For months after he was let go, Coughlin returned to the Giants offices to use the gym a couple of times a week. The coaches were in the building, half of whom worked for Coughlin. Manning would drop by. Coughlin’s presence in the offices infringed on McAdoo’s territory.

He’s doing it again. This time it’s more damaging. Clearly, Coughlin is having a hard time letting go of the Giants. In fact, he cost himself the Eagles job by spending the interview complaining how he got a raw deal from the Giants.

A referee (l.) separates Odell Beckham and Josh Norman last season.

A referee (l.) separates Odell Beckham and Josh Norman last season.

(Julie Jacobson/AP)

If Coughlin didn’t lose the locker room when he failed to punish Beckham, it had to hurt in management’s evaluation when they decided to pay him to leave. The NFL, which often doesn’t get suspensions right, did get it right by sitting Beckham one game. He deserved that simply for launching himself at Norman and delivering a helmet-to-helmet hit.

All that being said, the supposedly safety conscious NFL screwed up and failed OBJ by not protecting him in Minnesota on Monday night.

Beckham has developed a reputation as a hothead and game officials have been instructed by the big bosses at 345 Park Ave. to keep him on the shortest of leashes.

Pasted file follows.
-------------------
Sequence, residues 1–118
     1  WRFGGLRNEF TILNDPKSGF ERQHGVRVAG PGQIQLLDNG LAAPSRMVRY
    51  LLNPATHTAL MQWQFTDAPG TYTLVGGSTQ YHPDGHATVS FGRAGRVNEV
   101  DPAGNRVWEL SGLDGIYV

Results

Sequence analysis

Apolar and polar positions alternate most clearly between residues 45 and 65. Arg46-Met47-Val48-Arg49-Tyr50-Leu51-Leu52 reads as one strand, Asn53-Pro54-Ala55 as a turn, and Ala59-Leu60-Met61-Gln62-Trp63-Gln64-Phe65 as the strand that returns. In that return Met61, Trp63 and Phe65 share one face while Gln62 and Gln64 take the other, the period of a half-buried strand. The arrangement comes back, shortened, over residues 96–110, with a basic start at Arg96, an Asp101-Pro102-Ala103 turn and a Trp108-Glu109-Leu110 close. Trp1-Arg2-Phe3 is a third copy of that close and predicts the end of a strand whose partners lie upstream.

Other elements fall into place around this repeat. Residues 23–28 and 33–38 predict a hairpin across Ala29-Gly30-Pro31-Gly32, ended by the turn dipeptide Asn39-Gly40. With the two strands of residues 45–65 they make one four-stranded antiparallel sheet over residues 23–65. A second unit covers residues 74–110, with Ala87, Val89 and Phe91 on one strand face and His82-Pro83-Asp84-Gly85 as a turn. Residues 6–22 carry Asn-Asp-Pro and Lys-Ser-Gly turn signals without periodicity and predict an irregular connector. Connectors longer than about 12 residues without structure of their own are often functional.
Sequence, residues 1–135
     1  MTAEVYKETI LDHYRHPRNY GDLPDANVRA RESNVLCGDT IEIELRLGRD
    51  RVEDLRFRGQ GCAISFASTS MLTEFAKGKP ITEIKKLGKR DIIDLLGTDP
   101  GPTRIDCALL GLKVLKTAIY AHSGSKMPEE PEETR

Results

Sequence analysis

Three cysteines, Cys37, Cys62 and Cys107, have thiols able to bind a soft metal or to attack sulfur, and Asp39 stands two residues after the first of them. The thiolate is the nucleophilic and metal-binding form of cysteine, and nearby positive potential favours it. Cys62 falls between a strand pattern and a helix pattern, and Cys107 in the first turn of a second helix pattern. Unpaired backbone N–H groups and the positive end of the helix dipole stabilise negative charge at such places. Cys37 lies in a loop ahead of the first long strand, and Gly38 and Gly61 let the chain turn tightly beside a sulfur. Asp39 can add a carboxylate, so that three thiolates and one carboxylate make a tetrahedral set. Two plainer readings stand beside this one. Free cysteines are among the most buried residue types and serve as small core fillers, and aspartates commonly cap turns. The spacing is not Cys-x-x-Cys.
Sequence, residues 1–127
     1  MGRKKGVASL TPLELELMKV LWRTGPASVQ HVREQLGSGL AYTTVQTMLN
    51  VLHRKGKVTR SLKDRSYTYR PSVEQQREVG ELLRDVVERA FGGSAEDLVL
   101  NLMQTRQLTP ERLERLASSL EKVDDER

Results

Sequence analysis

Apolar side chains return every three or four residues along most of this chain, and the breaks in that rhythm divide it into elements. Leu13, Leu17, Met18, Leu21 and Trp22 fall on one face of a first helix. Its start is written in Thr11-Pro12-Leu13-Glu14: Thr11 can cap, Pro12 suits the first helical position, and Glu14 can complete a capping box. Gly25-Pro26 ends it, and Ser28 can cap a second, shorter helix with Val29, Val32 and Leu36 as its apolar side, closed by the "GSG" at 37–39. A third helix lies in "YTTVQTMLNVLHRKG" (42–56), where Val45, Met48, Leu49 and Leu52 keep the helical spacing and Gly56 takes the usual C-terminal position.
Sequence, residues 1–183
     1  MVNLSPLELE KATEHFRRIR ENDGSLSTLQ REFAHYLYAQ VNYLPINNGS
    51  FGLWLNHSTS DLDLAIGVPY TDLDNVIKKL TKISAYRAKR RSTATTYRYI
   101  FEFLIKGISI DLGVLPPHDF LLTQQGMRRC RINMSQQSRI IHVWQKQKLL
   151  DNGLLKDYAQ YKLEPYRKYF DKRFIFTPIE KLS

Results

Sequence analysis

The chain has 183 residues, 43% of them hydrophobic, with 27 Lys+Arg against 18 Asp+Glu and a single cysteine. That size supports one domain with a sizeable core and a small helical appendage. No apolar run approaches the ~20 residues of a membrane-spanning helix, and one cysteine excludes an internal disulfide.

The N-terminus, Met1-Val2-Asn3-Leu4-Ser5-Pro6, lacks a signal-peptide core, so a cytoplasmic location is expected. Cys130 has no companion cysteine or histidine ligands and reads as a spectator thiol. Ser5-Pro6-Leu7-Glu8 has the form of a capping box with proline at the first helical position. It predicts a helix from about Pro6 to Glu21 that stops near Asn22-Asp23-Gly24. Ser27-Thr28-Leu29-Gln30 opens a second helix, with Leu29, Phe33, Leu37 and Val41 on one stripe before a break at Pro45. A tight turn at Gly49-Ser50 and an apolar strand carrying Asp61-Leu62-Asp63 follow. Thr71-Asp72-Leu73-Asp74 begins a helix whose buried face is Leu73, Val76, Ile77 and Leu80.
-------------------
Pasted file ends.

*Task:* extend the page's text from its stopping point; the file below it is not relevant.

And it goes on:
Norman set the blueprint last year on how to aggravate Beckham and throw him off his high-powered game and now that players like Minnesota’s Xavier Rhodes knows that the officials have a zero tolerance policy with OBJ, they are going to push him as far as they can until they get flagged.

What happened Monday was a disgrace and I’m not talking about Beckham picking up a 15-yard taunting penalty after a four-yard catch in the second quarter. Beckham was running up field out of bounds deep into the wide white stripe that lines the field.

Boom. Rhodes nailed him.

Two yards away, an official with a whistle in his mouth, must have had had an electric fence around his back pocket because he never reached for the flag after Rhodes lowered his left shoulder and hit Beckham hard. Beckham veered toward Rhodes instead of away, but it didn’t matter. There was no way he was going to avoid getting hit. It was Rhodes who initiated the contact but Beckham who retaliated and was penalized.

Rhodes never tried to pull up and both his feet were out of bounds when he leaned in to smash into Beckham.

Safety first? Where was the flag? Maybe Coughlin knows. He works in the league’s game operations department now. He never did take that Giants consulting job.

“It sure looked to me like he hit him out of bounds,” Mike Pereira, the NFL’s former vice president of officiating told the Daily News. “I thought it was a foul.”

ESPN reported that officials have been instructed to be on the lookout for players trying to bait OBJ.

Chances are — based on Beckham’s history — he might have reacted the same way whether or not Rhodes was penalized, but at least it would have been offsetting.

If Beckham wants to stop being targeted, he’s going to have to grow up pretty quickly. Just don’t be checking out when Dr. Coughlin has office hours.

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Source: NY Daily News Headlines Sports News